Teams with Ambiguous Names

Today was a beautiful day, wasn’t it? The mercury worked its way up into the upper 50’s after three straight days of rain, rain, and more rain. In fact, it rained so much on the east coast — let alone Washington, D.C., Baltimore, and Philly, the water had nowhere to go but onto the streets.  Don’t look now, but I have there’s teenage girls walking in flip-flops. Yep, you heard me right, flip-flops! And it’s not even April yet!

On that note, with the road to the big dance underway, there’s one question that’s burning my mind — and maybe yours: what the heck is a Hoya? And what about a Terrapin? And what does an elephant have to do with the Alabama Crimson Tide?

The Georgetown Hoyas’ mascot may be a bulldog, but the name “Hoya” originates from the famous cheer “Hoia Saxa.” That was derived from a student who, using Greek and Latin terms, dubbed the team “Hoia Saxa,” meaning “what rocks.” Prior to 1962, the Georgetown Hoyas were known as “The Stonewalls.”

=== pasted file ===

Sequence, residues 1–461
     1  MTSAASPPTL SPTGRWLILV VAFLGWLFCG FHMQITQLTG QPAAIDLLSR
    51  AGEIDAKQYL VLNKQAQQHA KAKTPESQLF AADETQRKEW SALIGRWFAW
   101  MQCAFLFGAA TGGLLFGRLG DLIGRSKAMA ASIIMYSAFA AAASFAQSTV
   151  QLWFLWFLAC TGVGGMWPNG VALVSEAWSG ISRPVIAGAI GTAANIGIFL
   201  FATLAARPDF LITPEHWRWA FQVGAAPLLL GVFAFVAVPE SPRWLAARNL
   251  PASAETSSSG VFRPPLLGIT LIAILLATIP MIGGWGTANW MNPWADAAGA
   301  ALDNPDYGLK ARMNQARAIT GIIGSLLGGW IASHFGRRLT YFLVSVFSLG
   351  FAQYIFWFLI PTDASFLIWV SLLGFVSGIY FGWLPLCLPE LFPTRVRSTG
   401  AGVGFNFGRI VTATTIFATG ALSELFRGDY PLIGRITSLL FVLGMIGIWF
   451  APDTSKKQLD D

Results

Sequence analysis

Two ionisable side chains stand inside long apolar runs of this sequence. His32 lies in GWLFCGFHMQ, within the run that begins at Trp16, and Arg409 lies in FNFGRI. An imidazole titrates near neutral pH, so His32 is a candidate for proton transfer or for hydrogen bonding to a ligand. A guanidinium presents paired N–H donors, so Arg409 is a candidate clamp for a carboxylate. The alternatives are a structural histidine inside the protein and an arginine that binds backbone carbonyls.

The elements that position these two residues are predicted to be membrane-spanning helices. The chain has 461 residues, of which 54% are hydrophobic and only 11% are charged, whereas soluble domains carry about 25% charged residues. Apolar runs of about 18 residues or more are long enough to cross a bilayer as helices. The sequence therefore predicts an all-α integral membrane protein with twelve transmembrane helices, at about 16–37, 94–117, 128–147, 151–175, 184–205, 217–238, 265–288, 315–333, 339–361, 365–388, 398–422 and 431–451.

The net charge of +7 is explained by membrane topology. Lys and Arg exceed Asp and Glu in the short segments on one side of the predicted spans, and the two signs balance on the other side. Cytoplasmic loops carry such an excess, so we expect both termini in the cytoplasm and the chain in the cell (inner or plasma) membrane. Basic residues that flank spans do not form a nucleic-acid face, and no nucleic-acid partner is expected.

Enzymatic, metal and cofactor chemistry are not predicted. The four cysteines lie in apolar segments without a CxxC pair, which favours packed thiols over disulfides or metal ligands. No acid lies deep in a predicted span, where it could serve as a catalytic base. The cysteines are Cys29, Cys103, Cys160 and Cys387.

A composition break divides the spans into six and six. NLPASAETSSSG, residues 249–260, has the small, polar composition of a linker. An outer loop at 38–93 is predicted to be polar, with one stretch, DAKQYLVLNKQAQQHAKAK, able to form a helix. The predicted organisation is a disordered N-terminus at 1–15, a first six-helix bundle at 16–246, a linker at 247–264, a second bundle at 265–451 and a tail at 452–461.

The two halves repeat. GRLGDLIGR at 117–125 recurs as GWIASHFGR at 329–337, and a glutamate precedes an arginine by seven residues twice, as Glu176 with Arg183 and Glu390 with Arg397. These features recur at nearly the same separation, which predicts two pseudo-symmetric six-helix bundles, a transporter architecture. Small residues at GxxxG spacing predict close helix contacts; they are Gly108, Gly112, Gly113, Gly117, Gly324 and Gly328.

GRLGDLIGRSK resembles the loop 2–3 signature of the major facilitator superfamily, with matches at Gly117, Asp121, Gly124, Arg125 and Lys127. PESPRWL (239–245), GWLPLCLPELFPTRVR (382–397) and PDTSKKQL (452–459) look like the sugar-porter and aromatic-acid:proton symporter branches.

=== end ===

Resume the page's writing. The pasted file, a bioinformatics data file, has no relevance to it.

Maryland Terrapins: Maryland’s teams used to be known as the “Old Liners” (Maryland’s nickname is “The Old Line State”) until 1932. Football Coach H.C. Byrd recommended the Diamondback Terrapin as mascot in response to the student newspapers search for an “official” leader. The diamondback terrapin is the official reptile of the state of Maryland.

Alabama Crimson Tide: The Alabama Crimson Tide used to be known as the “Crimson White,” named after the school colors. They were also known as the “Thin Red Line” until 1906, when former Birmingham Age-Herald sports editor Hugh Roberts started calling them the “Crimson Tide.” There he described the 1907 game between Alabama and Auburn in Birmingham. As for the elephant, Alabama’s association with the elephant dates back to the 1930 football season when the Tide was led by Coach Wallace Wade. The elephant did not officially become an Alabama mascot until 1979.


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